(CNN) — Erica Alfaro says she never forgot the advice her mom gave her when the two worked long hours together in California’s Central Valley tomato fields.
“One day, I was very tired and told my mom and she said to me, ‘This is how life is going to be from now on. The only people who don’t have to go through this get an education.’ Those words stuck with me,” Alfaro, 29, told CNN on Saturday.
Those wise words inspired Alfaro, who dropped out of high school when she got pregnant at 15, to dive back into education.
On May 19, Alfaro graduated from San Diego State University with a master’s degree in education, with a concentration in counseling. She decided to honor her parents in her graduation photos, standing in her cap and gown with her parents, in work clothes, in the middle of the fruit fields where her mother still works.
“With love I dedicate my master’s to my parents. Their sacrifice to come to this country to give us a better future was well worth it,” Alfaro said when she shared her graduation photos on her Facebook and Instagramaccounts this month.
Growing up, Alfaro crossed the US-Mexico border for school
Alfaro said her parents are farmers who were never able to go to school. Her mother, Teresa Herrera, 51, and father, Claudio Alfaro, 50, are from Oaxaca, Mexico, and speak Mixtec, an indigenous language of Mexico. Both migrated to the United States separately and met later.
Erica Alfaro was born in Fresno, California, but raised in Tijuana as her parents moved back to Mexico in order for her mother to obtain a US residency.
During her time in Tijuana, Alfaro would cross the border every day to go to school. When she turned 13, the family moved to Oceanside, California, with another family and 11 people shared a one-bedroom apartment.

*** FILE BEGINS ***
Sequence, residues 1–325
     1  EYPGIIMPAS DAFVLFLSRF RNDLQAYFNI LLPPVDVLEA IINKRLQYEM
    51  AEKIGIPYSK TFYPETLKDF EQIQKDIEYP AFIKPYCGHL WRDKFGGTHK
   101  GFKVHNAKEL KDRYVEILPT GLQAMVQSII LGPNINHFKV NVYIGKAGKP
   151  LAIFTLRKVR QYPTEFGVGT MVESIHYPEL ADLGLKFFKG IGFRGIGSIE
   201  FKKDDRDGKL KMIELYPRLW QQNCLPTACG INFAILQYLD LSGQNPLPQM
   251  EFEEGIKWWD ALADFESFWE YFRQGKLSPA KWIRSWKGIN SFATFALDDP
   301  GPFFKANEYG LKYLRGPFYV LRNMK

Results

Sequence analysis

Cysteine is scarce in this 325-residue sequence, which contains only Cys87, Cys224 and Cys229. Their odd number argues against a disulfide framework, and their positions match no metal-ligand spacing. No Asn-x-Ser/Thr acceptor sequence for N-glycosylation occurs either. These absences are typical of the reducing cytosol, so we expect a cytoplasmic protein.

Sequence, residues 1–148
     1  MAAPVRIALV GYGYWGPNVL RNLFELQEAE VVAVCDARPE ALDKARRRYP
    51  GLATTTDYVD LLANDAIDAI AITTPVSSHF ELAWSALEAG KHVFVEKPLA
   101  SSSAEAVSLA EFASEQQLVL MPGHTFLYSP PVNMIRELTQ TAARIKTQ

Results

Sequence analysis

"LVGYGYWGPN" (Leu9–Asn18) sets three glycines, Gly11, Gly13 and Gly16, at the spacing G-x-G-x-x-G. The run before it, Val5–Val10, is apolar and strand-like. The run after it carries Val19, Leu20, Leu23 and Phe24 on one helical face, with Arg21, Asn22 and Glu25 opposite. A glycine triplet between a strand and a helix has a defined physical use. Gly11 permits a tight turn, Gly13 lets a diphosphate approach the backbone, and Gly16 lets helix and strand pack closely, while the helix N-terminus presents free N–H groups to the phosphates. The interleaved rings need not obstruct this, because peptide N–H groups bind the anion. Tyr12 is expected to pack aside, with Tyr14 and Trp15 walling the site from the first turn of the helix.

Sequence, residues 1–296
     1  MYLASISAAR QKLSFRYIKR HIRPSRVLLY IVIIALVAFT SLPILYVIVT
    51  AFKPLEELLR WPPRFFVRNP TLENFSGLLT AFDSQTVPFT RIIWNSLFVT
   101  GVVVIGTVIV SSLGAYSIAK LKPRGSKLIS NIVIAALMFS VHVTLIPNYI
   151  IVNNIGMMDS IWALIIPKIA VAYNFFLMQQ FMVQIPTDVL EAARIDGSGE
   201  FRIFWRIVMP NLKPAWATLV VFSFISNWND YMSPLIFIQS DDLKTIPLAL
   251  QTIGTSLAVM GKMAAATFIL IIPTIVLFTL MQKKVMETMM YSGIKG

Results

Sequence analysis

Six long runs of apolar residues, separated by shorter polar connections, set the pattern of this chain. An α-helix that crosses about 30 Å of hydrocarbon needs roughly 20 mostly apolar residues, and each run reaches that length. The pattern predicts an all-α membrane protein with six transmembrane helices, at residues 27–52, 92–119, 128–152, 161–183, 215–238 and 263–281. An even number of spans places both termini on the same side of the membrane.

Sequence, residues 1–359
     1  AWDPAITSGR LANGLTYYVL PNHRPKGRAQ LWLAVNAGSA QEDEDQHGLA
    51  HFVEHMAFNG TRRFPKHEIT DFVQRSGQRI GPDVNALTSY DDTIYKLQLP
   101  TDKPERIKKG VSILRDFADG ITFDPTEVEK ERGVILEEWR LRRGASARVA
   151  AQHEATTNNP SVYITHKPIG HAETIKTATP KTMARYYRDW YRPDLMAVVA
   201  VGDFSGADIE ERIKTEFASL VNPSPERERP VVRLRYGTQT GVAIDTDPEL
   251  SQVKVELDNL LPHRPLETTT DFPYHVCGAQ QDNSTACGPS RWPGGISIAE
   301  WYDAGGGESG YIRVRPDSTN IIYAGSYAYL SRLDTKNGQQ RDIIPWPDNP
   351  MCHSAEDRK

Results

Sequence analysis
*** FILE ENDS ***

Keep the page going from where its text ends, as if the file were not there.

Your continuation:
Alfaro said she, her brother and sister used to work with her parents in the fruit fields during their summer vacations.
Alfaro overcame obstacles to earn her two degrees
When she got pregnant at 15, she moved in with her boyfriend, who she says made her sleep outside with the baby months after giving birth. She moved back in with her parents.
Alfaro credits her mother’s advice on education as her inspiration for going back to school. At 17, she enrolled in a homeschool program in Fresno.
She was accepted at California State University San Marcos, but during her first semester, in 2012, her son was diagnosed with cerebral palsy. Alfaro’s grades suffered, but she kept going, determined to give her and her son a better life — the life her parents worked hard to give her.
“It took me almost six years to get my bachelor’s degree,” Alfaro said.
Alfaro earned her degree in psychology from the university in 2017. She was selected to be the commencement speaker at the graduation ceremony.
“The reason I share my story is because I want to encourage undocumented single mothers, and people who suffer from domestic violence, to get an education and achieve their goals,” Alfaro said.
She said she hopes posting her graduation photos in the fruit fields will inspire others in the Latino community who are facing similar struggles.
“These photos represent many of us,” she said. “Our parents came to this country to give us a better life and we wouldn’t be here without them.”
Alfaro said her main goal now is to be a school counselor. She said she hopes to encourage underrepresented students to continue their education. She also wants to work with domestic violence victims and teenage mothers.